from Tom Price, aka Thumper [as dictated to Will Chase]
Flying into Biloxi, Mississippi, I was stunned at the number of swimming pools until I realized that every house didn’t have a swimming pool, but a blue tarp for a roof. To give you an idea of the level of destruction, imagine a flat neighborhood near the ocean. Raise the sea level 15′ and bring it inland 10 miles. Then add 100+ mph winds for 12 hours.
I have yet to see a single home that’s habitable. There are no stores open. All the wrecks of homes have orange spray-painted runes, marking the number of bodies and the date they were searched. Four-story casinos the size of several football fields floated inland bulldozing office complexes before settling sideways in residential neighborhoods. It’s been a month since Katrina … but it looks as though it could have happened days ago. The stench of rotting flesh is everywhere, and a constant reminder of the many bodies of humans and animals left unclaimed.
One of the few bright lights (actually one of the only lights period) are the flood lights illuminating the bright red geodesic dome now serving as a gathering place and 24-hour free supermarket that the Burning Man Temple Crew erected in the parking lot of the Van Duc Buddhist Temple. Half the team of volunteers works from sunrise until long after dark, unloading, sorting and giving away food, medical supplies, clothing, diapers … everything a person needs to survive. The other half are using their tools and heavy equipment (cranes, bulldozers, etc.) to rebuild the Temple pretty much from the ground up.
The entire 3-acre complex is run completely as a gift economy. Some people bring things, some people take things … nothing changes hands except the occasional thanks.
Traditional non-profit groups like The Red Cross, Oxfam and World Shelters are now using an adjacent block at a catholic church that was also cleared out by the Temple Crew. To give you an idea of what that job entails, when they first arrived, the parking lot was covered in 3 feet of mud and filled with cars, boats, trucks, and two houses that had ripped off their moorings and drifted down the street. What’s hard to comprehend is that this description applies to everything in a 10-mile wide, 100-mile long strip of Mississippi.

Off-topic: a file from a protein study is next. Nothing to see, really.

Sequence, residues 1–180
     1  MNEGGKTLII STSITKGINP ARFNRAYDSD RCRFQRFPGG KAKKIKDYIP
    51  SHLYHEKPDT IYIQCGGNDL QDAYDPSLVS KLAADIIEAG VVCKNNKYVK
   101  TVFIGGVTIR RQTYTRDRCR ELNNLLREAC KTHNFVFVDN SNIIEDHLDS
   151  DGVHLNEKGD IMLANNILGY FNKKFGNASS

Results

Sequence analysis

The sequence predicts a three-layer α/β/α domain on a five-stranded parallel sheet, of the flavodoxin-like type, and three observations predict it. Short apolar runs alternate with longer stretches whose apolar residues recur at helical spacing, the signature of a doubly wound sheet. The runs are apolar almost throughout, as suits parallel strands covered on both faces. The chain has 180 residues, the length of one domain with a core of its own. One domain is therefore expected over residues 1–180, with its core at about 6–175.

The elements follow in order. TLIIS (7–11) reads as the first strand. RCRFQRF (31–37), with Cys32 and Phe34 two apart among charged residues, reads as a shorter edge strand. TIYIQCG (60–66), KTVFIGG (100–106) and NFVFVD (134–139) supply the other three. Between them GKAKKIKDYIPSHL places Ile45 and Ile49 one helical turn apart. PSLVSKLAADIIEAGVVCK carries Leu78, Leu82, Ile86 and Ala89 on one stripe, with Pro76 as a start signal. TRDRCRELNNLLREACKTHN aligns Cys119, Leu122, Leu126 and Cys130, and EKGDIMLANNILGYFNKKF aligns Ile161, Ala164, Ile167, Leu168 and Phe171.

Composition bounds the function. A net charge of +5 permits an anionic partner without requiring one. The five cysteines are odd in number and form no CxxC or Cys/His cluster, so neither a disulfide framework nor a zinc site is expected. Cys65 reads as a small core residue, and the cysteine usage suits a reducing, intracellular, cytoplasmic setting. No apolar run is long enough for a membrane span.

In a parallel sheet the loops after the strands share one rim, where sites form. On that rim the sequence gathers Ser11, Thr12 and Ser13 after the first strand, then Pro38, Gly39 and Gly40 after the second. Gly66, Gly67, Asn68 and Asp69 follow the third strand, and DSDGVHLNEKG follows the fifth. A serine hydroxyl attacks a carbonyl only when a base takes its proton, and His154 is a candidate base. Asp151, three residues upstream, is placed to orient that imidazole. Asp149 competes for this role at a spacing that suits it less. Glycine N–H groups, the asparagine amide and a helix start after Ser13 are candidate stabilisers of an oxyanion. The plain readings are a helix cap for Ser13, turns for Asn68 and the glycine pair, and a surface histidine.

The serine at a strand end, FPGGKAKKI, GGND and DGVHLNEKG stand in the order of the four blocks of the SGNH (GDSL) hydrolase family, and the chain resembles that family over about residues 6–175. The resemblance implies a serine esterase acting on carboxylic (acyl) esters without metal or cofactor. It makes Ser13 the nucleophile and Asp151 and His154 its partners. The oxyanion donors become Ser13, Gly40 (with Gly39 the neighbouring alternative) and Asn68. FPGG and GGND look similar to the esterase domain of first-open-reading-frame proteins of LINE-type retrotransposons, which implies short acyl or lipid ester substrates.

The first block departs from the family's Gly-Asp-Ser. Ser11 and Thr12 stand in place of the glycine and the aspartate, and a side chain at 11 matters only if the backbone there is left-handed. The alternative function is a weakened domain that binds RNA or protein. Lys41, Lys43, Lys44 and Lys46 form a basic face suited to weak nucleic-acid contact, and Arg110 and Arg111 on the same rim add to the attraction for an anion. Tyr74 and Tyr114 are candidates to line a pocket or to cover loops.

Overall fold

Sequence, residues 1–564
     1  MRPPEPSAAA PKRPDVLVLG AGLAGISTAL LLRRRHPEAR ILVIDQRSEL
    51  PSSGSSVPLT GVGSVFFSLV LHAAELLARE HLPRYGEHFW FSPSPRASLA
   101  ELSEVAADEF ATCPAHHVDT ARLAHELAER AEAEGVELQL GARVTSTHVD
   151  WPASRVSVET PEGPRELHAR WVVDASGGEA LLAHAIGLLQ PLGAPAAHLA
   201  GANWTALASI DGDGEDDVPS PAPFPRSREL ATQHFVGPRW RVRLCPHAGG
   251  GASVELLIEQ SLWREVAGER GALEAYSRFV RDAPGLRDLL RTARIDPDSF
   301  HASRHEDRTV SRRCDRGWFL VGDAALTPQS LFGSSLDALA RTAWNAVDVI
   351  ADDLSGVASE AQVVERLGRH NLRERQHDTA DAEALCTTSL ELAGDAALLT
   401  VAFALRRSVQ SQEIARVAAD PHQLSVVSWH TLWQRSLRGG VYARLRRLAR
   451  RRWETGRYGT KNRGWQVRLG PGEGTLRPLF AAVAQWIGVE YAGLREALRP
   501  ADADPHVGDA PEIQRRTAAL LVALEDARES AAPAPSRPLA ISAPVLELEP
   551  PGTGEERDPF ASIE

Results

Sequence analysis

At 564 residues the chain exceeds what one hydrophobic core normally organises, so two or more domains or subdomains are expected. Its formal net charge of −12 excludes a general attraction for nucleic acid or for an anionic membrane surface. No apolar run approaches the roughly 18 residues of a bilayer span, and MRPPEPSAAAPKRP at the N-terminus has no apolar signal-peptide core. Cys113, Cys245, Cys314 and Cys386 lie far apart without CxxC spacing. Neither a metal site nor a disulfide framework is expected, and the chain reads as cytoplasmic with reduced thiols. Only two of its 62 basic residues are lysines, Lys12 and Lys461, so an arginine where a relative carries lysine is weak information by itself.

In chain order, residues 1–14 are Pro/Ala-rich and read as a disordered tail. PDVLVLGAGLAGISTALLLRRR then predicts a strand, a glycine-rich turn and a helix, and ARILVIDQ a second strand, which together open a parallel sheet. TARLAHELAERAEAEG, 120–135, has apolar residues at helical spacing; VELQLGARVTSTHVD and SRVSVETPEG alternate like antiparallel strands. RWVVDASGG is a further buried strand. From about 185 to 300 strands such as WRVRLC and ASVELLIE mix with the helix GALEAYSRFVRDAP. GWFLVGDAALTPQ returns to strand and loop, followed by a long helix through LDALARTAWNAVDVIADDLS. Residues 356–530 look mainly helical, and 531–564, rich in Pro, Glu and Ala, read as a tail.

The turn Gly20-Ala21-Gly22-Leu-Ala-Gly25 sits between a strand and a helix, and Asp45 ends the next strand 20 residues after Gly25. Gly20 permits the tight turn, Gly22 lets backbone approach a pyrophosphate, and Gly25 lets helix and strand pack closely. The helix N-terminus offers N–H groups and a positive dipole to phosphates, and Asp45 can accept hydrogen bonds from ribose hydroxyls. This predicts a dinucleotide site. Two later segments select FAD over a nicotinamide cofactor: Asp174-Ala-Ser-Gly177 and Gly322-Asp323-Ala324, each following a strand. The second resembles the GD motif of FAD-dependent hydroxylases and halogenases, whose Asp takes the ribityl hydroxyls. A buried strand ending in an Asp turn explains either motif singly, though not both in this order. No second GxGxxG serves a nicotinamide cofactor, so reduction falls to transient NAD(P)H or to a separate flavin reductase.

One of the few amusing things here is seeing this 3-acre spotless parking lot with pickup trucks adorned with Burning Man Temple Crew logos and a bright red geodesic dome, and someone has attached to the front fence a sign that reads “Reserved for Theme Camps Only”.
At night the only sounds are gas generators and cicadas (but we’re working on getting some house music). And of course all of this is a backdrop for a constant stream of Vietnamese immigrants who don’t speak English, but immediately get their head around the gift economy. Temples are where the Vietnamese are traditionally used to coming to get what they need, so this is quite fitting.
As I speak, there’s a crew of Rangers building a shelter for people to sleep in at night.
How You Can Help
People are asking what’s needed. The short answer is everything. The needs change from hour to hour, as supply trucks arrive and unload their cargo. But what we need no matter what is fuel, cash, and people who can come and stay for a while to work. If you come, we have everything you need to live. There’s food to eat, places to sleep and people who need your help.
People want to see their money being used well … a bunch of my friends gave me money when they heard I was coming here, and I gave it to the guy who’s running the place, who used it immediately to buy gas to keep the generators running, the refrigerators cold, keeping a minimal electrical grid going, fans, power tools … and to fuel the bulldozer and crane. Essentially everything needed to keep this operation going. Material relief we have … for the time being, there’s no need for food and clothing … that time will come.
The important thing to remember is, even a month later, there’s still a need for basic survival supplies … those things are still coming, but we are at the receiving end of an avalanche of good will. What’s most needed is somebody who can help organize the receiving and distribution of these supplies. It’s hard to assess what people’s needs are … they first need to figure out where to go and how to get help. These people are incredibly traumatized, as you can imagine, and every bit helps.
If you’d like to show up in Biloxi and help, please call Tom Price on his cell phone at xxx-xxx-xxxx for instructions. The circuits are loaded, and sometimes sketchy, but keep trying. If you’d like to donate cash, you can do so immediately by making a payment to Tom’s PayPal account, which is the email address: firstname.lastname@example.org. He will ATM the money out and immediately put it towards the continuation of the operation. For any other questions or comments, please email katrina-relief (at) burningman (dot) com.